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Blending Capital and Piloting Projects to Reinvent Appalachia’s Coal-Impacted Communities


Increasing investment in renewable energy and the closing down of coal power plants signal bright moves to a cleaner, greener future. But a future "beyond coal" may seem less bright for communities whose economic activity and local employment depend on it. For these people and places, a post-coal move implies a frantic search for industry and employment opportunities to prevent economic regression.

Appalachia, a region in the Eastern United States stretching from New York to Alabama and home to 25 million people, is a community with an answer. Through a mixture of philanthropic and private capital, this multi-state stretch is making up to USD 50 million available for "new locally driven economic activities" and spearheading an innovative approach to sustainably safeguard economic development .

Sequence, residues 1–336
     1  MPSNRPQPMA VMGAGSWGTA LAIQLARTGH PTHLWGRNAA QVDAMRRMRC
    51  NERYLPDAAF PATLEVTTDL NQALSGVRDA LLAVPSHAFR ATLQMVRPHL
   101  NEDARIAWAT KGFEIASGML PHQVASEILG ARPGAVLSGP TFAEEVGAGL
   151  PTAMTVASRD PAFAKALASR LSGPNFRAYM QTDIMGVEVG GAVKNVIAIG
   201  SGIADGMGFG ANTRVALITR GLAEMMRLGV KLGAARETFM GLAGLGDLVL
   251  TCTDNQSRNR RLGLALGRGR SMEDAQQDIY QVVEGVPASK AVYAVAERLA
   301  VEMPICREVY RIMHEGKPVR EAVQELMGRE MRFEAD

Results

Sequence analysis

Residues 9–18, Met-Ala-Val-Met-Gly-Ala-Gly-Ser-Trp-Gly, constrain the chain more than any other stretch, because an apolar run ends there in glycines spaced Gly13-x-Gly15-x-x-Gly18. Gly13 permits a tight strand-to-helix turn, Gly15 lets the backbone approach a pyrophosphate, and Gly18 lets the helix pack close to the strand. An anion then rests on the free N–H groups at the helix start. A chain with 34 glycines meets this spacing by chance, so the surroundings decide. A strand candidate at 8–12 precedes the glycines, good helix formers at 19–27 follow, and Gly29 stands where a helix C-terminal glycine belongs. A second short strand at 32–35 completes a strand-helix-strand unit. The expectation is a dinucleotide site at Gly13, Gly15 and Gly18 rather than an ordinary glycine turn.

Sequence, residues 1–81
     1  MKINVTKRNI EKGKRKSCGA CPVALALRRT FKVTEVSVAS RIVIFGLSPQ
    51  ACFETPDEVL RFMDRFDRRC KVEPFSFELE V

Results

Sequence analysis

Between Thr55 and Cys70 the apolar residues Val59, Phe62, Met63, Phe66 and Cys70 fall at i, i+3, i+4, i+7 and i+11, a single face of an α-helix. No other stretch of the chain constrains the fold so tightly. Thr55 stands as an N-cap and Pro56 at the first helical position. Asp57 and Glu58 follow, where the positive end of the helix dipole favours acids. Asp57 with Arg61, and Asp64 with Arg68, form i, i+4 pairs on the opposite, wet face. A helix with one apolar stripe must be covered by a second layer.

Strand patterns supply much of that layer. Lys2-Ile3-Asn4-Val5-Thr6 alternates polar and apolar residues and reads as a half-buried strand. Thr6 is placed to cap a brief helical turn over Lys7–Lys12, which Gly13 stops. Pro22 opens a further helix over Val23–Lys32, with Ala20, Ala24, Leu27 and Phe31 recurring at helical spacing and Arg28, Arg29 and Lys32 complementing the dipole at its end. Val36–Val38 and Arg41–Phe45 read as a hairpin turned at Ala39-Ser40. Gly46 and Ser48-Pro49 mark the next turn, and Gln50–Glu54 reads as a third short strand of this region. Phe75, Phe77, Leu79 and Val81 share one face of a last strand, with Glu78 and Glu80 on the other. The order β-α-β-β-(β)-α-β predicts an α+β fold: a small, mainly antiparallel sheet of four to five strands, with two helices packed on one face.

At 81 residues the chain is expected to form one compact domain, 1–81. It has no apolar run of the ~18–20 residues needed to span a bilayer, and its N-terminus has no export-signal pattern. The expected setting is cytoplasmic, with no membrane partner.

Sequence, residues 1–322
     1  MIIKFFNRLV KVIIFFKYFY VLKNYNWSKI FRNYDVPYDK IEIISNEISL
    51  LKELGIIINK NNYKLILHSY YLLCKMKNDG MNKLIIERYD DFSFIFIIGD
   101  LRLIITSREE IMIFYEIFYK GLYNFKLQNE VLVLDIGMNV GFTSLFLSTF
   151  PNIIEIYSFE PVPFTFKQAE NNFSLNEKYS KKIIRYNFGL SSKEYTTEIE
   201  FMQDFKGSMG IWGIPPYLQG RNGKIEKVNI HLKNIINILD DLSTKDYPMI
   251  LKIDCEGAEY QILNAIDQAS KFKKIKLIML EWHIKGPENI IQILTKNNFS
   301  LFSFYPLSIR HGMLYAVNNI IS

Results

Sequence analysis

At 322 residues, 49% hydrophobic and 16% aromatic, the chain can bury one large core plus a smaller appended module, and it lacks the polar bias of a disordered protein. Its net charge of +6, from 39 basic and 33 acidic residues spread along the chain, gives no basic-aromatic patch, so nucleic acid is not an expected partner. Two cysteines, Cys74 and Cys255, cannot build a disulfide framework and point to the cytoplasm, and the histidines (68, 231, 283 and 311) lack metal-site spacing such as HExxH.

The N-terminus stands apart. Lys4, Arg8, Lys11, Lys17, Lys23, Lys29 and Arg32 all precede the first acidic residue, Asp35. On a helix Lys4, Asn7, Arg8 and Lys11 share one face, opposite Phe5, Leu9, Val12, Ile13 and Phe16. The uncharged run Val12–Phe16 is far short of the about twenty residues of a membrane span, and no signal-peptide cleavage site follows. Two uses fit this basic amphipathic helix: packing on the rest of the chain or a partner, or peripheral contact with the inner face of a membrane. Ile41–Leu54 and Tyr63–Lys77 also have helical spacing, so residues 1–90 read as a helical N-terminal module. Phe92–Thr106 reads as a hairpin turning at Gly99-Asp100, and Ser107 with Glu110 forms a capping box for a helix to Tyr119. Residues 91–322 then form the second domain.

Invest Appalachia, an impact fund managing USD 40 million in assets, will offer loans to local businesses and intermediaries by the end of the year. Sectors covered include agriculture, food, clean energy, housing and health. A second pool of capital from philanthropic sources will make a further USD 17 million available to catalyze industry and green growth.

Commenting on this exciting and innovative development framework that relies on a combination of private and public capital pools and collaboration with communities and local enterprises, Stephanie Randolph CEO of Invest Appalachia remarked "The puzzle is too big … To be self-sustaining, Appalachia needs diverse strategies as well as increased investment and sequencing of capital across the funding and financing spectrum."

With Invest Appalachia launching later in the year, it remains to be seen how the approach could act as a blueprint for communities around the world facing a post-coal future.

For the full article published by ImpactAlpha see here.